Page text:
A lot has been achieved in Tooele County since 2014 when it comes to suicide awareness and prevention. That year, along with 2015, had a combined 33 youth and adult deaths by suicide in the county, according to a 2015 study by the Tooele County Health Department. The tragic loss of so many family members and friends stunned and saddened everyone.
Thankfully, local leaders, healthcare professionals, educators, clergy, law enforcement and concerned citizens, didn’t ignore the problem. They joined hearts, heads and hands to turn tragedy into change.
And despair into hope.
For example, since 2014, thousands of local residents have received QPR training, which stands for Question, Persuade, Refer. The training helps persons to recognize suicide warning signs in loved ones, friends and others. QPR teaches how to directly ask someone if they want or are thinking about taking their life, persuading them to live, and getting them the help they need.
Another is the Life’s Worth Living Foundation. Since being founded in 2014, the foundation has created several prevention trainings, community support groups, and community events and fundraisers to support suicide prevention and awareness. Two big popular annual fundraisers are the “Walk to Wendover” and the “It’s a Wonderful Life Festival.”
General support group meetings by the foundation are held at 7 p.m. the third Thursday of every month at Mountain West Medical Center. Veteran-specific support group meetings are held at 7 p.m. the second Thursday of every month at the Tooele County Health Department. Both support groups are for anyone who struggles with suicidal thoughts, or who has lost a loved one to death by suicide. For more information, see lifesworthlivingfoundation.org.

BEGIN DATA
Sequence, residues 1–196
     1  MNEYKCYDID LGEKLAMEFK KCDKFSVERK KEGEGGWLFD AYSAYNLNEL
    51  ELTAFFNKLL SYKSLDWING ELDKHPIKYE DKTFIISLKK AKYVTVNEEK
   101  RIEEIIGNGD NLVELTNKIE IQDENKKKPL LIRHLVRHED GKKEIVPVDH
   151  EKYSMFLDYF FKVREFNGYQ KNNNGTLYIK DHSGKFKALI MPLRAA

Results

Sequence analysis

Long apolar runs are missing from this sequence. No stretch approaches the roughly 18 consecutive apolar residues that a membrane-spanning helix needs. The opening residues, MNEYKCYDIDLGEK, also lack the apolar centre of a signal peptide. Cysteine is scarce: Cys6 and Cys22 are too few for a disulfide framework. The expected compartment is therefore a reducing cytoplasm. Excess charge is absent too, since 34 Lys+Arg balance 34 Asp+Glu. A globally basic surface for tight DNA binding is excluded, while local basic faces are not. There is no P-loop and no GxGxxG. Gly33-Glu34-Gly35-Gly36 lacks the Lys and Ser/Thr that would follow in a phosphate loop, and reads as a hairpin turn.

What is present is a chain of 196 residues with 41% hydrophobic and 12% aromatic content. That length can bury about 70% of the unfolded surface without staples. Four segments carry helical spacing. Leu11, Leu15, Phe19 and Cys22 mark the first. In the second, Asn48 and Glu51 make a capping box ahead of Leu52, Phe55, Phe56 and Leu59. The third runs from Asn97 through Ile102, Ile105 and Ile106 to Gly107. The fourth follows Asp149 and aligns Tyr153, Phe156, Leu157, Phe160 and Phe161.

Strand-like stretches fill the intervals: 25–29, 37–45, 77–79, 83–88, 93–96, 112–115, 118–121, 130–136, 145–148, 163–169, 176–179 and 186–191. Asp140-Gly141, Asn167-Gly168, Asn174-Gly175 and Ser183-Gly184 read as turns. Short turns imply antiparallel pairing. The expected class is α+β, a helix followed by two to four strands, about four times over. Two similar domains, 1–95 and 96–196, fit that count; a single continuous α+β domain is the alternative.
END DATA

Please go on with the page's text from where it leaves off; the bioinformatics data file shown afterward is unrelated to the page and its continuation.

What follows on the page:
Perhaps the biggest example though is what has been done in local schools to raise suicide prevention and awareness. At the local high school level, there are Hope Squads, which consist of fellow students who are known to be caring, good listeners. They are trained in suicide awareness and to work with school advisors to get struggling students the help they need.
And as reported in last Thursday’s edition, local Hope Squads are encouraging the Tooele County community to participate in Wednesday’s statewide “Day of Hope.” On that day, citizens are asked to wear yellow and to tie yellow ribbons around the county. The effort is to promote the need for helping residents who struggle with mental health issues, and to eliminate the negative stigma associated with it.
Local Hope Squads’ support for “Day of Hope” is on the mark. According to Toni Broadhead, Stansbury High School’s Hope Squad advisor, the average person goes through at least six depressive periods throughout their life. And according to Hope4Utah, suicide is the third leading cause of death among youth between the ages of 10-19 years old.
All students who serve as Hope Squad members are thanked for their valued and selfless contribution to their classmates and schools. They are also thanked for encouraging all of us to be mindful of — and helpful to — those who struggle with mental health issues. The local effort to change despair into hope belongs to all of us.